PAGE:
FOR MRS MARGARET WELTON
It began at dawn with fighter planes:
they came in off the sea and didn't rise,
they leaped the sandbar one and one and one
coming so fast the crockery they shook down
off my kitchen shelves was spinning in the air
when they were gone.
They came in off the sea and drew a wave
of lagging cannon-shells across our roofs.
Windows spat glass, a truck took sudden fire,
out leaped the driver, but the truck ran on,
growing enormous, shambling by our street-doors,
coming and coming …
By every right in town, by every average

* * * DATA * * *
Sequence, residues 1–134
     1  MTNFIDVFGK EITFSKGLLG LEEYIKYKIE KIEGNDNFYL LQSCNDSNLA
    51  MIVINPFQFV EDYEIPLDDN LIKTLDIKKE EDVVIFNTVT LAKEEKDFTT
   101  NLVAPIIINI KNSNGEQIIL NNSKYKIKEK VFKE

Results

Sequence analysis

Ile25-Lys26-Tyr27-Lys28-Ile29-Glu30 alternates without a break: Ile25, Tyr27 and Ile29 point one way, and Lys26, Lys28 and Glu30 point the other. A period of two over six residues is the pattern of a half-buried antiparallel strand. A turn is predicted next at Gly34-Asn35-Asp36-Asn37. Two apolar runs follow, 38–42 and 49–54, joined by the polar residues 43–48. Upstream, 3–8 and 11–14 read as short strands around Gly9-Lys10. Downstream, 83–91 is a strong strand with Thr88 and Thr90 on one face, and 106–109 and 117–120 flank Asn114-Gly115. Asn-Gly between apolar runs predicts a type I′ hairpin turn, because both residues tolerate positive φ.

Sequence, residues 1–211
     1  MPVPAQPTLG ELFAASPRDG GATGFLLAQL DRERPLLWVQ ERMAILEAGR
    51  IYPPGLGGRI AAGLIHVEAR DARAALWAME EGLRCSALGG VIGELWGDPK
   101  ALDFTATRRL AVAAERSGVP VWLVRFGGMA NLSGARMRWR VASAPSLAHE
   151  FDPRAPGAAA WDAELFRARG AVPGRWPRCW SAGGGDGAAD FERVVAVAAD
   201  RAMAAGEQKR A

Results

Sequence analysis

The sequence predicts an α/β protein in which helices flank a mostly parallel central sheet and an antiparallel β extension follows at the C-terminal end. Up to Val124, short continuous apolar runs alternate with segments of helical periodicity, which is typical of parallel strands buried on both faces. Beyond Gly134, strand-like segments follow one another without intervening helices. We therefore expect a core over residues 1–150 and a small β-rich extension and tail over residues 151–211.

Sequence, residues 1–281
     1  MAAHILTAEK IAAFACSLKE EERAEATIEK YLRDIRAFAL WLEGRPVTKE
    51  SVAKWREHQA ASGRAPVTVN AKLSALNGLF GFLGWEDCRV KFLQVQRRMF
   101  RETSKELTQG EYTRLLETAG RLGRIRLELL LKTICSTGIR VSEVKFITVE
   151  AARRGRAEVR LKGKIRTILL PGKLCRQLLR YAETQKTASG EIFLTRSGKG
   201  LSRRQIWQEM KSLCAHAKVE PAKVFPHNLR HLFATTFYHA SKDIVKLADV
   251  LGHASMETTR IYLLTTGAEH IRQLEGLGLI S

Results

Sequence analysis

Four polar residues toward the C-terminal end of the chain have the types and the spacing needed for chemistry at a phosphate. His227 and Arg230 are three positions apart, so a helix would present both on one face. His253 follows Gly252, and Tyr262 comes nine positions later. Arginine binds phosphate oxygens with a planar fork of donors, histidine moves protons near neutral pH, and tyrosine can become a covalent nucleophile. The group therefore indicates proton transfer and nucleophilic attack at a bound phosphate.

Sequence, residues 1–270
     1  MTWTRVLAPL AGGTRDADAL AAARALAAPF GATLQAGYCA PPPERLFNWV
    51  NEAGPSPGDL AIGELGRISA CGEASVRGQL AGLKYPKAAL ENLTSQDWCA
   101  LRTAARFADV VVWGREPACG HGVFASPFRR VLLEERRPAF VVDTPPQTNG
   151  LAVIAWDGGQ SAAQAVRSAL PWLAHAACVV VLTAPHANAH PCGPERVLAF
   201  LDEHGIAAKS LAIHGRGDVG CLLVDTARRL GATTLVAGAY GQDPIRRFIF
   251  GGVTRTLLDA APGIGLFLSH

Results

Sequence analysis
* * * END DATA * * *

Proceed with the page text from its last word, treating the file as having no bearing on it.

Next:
we knew of in the world, it had to stop,
fetch up against a building, fall to rubble
from pure force of burning, for its whole
body and substance were consumed with heat
but it would not stop.
And all of us who knew our place and prayers
clutched our verandah-rails and window-sills,
begging that truck between our teeth to halt,
keep going, vanish, strike … but set us free.
And then we saw the wild boys of the street
go running after it.
And as they followed, cheering, on it crept,
windshield melting now, canopy-frame a cage
torn by gorillas of flame, and it kept on
over the tramlines, past the church, on past
the last lit windows, and then out of the world
with its disciples.